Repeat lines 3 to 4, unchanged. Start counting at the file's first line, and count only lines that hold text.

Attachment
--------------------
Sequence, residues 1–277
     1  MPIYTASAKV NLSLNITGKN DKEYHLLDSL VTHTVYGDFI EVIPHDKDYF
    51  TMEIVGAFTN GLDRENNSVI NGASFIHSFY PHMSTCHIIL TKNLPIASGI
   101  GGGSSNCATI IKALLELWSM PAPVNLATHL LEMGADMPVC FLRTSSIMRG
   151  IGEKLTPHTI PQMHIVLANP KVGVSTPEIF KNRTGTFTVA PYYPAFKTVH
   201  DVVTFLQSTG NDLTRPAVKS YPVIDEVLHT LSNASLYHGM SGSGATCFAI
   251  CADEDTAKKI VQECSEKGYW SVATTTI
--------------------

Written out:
    51  TMEIVGAFTN GLDRENNSVI NGASFIHSFY PHMSTCHIIL TKNLPIASGI
   101  GGGSSNCATI IKALLELWSM PAPVNLATHL LEMGADMPVC FLRTSSIMRG